Good habitat is important for a healthy white-tailed deer population and necessary for successful deer management. Not only does high quality habitat provide nutritious food and great cover, but good deer habitat also provides a good amount of grass, especially during the fawning season. Deer do not consume very much grass at all–it usually comprises less than 8% of their diet on an annual basis–but tall grass is very beneficial to fawns.
For white-tailed deer, fawns are typically dropped about 7 months after conception. Because the gestation period averages about 205 days in whitetail, the major fawning period is roughly 7 months after the peak of rut. Does bred early in the rut will fawn earlier and those bred late will fawn later, but the majority of deer fawns in a given area will hit the ground at approximately the same time, usually during about a two week period. Fawns, however, don’t usually get a lot of attention from hunters. And there are probably a few reasons.
First, fawning takes place during the late spring and early summer. Many hunters are still “checked-out” at this time of year only to return in late summer or early fall to plant a hunting plot or fill their deer feeders. Secondly, we are talking about fawns here, not big, gigantic, muy grande bucks! Hunters hunt bucks, not fawns. With that said, land owners interested in deer management realize that mature bucks do not just appear out of thin air.
So let’s talk about fawns. The early life of a fawn and the life of an adult whitetail are quite different. For the most part, adult deer do not require a whole lot of grass. The only grass they use in their diet is young and tender. Fawns, on the other hand, need grass and do not even know it. First of all, moderate to high grass makes excellent fawning cover. Not only does this herbaceous cover help conceal newborn fawns, but tall grass is indicative of good white-tailed deer habitat, which is needed by nursing does to raise healthy fawns.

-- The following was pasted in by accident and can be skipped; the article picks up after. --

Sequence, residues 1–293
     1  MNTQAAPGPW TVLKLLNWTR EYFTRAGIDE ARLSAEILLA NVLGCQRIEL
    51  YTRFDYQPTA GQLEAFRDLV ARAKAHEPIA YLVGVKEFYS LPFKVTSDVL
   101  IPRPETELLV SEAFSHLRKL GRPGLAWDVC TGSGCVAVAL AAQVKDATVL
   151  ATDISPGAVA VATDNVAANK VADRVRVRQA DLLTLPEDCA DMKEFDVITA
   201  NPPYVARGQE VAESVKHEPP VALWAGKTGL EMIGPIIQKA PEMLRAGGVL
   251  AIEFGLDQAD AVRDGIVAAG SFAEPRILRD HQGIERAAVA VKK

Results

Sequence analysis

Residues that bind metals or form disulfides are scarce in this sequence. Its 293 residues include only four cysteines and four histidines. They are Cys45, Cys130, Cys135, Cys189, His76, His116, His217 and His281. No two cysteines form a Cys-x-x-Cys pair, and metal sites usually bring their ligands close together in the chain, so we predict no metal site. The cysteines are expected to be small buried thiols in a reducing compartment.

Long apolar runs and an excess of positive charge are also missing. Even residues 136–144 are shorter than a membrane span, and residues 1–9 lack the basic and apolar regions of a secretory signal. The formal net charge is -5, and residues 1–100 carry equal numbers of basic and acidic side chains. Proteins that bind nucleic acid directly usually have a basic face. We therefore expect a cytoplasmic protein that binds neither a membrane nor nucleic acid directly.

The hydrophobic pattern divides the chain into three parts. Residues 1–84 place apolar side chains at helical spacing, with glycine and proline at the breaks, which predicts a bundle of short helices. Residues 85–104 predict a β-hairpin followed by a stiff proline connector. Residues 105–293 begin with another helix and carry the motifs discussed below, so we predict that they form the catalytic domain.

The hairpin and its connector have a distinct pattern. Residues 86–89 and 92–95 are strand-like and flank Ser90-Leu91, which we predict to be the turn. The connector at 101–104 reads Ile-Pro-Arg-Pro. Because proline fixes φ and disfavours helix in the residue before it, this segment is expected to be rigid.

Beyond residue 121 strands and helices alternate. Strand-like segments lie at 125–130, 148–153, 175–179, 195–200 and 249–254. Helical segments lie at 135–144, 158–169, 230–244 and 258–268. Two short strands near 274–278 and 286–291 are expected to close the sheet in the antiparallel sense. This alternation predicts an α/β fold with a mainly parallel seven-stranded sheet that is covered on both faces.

In addition, good fawning cover decreases the impact predators can have on a yearly fawn crop. Research has shown that high quality deer habitat can produce good fawns crops even with dense predator populations. However, even on properties where predators are controlled, if the habitat is poor then fawn crops are not necessarily good. This does not make sense to some people, but it’s true.
First, poor habitat can be caused by many things, but over-grazing by livestock is the number one reason for low-quality habitat. A lack of ground cover makes it really easy for predators (even if few) to find newborn fawns. In addition, generally poor habitat means does will have difficulty finding adequate nutrition to produce milk and raise fawns. You see, over-grazing by cattle leads first to an over-use of grass and then to an over-use of browse species. Over-grazing by goats first leads to an over-use of browse species and then to an over-use of grass species. In either situation, it leads to poor deer habitat and poor fawn crops. Properties that lack at least some open, grass-dominated areas also provide poor deer habitat overall.
Any practice that removes ground cover during the fawning season should be discouraged if you want to improve the fawn crop in your area. The mowing or haying of fields should be postponed at least one month before fawns drop until after the bulk of the fawns have been born, which is usually around the end of June. However, you can figure this out for your area by adding 8 months to the time when the peak of the rut occurs.
Additionally, keep an eye on your predator population and do what you can to control them, but especially in areas with less than ideal fawning habitat. There is quite a bit of time between now and deer season, but the deer you should be thinking about is the one you will be harvesting about 5 1/2 years from now.